After a weekend of panic, the tremors have calmed down somewhat; but the risk of an eruption in the coming hours or days remains “ significant ». “ It is difficult to say how the situation will develop, because it is a complex process that affects a very large area and undoubtedly connects several volcanic systems. notes the IMO coordinator. You should know that we cannot see what is happening, we can only interpret data and draw the potential trajectory of the magma through models. »
Iceland, located where the Eurasian and North American tectonic plates meet, is of course not new to this: the island has no fewer than 33 active volcanic systems, and the whole world remembers the monster eruption of Eyjafjallajökull in 2010, which air traffic and led to the cancellation of 100,000 flights.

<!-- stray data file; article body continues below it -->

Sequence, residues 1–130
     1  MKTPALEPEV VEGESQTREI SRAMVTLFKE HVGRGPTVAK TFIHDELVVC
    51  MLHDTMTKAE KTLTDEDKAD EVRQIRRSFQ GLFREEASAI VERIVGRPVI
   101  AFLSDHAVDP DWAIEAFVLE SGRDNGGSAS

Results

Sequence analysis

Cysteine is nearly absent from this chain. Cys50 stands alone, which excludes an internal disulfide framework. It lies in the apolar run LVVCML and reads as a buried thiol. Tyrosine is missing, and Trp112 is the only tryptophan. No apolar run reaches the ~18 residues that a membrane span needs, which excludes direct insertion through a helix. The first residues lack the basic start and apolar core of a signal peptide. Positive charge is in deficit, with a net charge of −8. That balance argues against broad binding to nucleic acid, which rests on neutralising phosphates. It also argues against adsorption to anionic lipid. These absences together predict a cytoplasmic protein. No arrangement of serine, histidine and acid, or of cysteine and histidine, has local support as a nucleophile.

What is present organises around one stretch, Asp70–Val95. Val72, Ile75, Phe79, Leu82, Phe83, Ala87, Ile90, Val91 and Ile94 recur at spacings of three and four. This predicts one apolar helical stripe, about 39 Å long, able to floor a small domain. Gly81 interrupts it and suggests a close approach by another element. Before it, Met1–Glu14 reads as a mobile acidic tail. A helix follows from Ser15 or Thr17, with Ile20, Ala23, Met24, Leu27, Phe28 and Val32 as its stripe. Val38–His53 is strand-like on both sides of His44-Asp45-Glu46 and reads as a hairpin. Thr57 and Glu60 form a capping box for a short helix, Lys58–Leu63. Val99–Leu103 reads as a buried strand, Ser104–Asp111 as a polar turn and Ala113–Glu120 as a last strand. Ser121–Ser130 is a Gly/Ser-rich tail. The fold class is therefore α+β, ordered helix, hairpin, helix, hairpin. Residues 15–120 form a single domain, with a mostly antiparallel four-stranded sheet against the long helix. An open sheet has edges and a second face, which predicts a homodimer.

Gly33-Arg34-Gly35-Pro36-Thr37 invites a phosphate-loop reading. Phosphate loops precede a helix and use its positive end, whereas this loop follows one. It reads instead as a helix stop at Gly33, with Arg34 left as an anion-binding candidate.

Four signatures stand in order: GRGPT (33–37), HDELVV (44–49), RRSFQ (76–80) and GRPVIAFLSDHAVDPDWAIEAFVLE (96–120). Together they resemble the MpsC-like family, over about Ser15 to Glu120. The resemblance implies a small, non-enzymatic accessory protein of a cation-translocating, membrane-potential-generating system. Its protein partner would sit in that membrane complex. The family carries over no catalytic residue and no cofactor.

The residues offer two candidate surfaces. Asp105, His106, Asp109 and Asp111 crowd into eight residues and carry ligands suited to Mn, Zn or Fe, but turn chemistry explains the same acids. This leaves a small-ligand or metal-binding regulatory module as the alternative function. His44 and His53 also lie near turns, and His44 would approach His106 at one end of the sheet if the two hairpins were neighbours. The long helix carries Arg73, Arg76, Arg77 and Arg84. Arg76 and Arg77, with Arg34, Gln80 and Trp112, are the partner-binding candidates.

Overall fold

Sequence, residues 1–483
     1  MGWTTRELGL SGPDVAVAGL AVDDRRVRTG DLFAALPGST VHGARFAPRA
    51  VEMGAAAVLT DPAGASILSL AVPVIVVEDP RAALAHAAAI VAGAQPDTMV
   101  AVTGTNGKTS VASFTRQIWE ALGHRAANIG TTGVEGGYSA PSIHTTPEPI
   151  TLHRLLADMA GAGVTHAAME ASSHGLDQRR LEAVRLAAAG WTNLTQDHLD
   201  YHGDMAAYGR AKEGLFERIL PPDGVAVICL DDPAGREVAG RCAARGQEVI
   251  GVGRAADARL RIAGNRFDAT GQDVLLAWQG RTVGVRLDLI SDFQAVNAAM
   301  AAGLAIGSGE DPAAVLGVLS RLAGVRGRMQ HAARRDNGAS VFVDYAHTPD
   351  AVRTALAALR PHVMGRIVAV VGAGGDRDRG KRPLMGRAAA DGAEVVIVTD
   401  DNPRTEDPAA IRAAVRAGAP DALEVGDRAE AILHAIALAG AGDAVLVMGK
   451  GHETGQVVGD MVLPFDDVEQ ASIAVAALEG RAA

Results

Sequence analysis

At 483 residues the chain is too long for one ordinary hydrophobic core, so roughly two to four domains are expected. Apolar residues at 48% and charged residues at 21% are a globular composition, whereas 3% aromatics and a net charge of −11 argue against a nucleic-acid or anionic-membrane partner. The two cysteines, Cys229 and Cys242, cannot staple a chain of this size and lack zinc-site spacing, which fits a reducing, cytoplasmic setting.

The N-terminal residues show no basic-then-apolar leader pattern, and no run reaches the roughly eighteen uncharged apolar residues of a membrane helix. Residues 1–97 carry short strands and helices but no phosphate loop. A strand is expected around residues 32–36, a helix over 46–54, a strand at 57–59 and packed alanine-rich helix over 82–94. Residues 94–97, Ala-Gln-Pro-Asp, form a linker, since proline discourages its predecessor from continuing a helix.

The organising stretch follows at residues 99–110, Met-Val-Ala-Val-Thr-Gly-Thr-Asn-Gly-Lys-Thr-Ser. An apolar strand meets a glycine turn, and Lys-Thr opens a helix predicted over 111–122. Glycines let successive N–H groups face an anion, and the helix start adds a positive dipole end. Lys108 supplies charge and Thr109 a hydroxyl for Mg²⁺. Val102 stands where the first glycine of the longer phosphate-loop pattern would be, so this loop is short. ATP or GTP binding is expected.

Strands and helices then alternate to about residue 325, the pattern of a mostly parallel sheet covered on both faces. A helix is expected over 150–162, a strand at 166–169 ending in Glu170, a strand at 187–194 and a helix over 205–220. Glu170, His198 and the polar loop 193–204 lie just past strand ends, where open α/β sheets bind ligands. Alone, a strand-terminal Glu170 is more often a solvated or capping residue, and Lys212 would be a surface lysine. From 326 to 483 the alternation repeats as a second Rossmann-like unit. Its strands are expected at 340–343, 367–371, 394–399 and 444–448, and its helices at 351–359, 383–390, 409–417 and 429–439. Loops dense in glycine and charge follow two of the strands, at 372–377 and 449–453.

As Magnus Tumi Gudmundsson recalls, most eruptions on the island are preceded by an intense swarm of earthquakes that can last several days and correspond to the magma making its way to the surface during a certain period. “ tearing » – when the crust breaks under the influence of forces that push the North American plate away from the Eurasian plate. “ But the magma may not reach the surface, become trapped and eventually cool. the researcher suggests. In this case there would be no rash. The other possibility is that magma is seeping to the surface : we could then witness an eruption similar to those of 2021, 2022 and 2023 » in the area. The speed at which the magma has risen to the surface in recent days can also be explained by the numerous cracks caused by these previous eruptions. For him at least it would be the worst case scenario “ an eruption that created a lava field that would engulf the entire city of Grindavik » and would damage the nearby Svartsengi geothermal power plant, which produces hot water and electricity for about 30,000 people (on Tuesday, authorities were also preparing to surround it with defensive walls).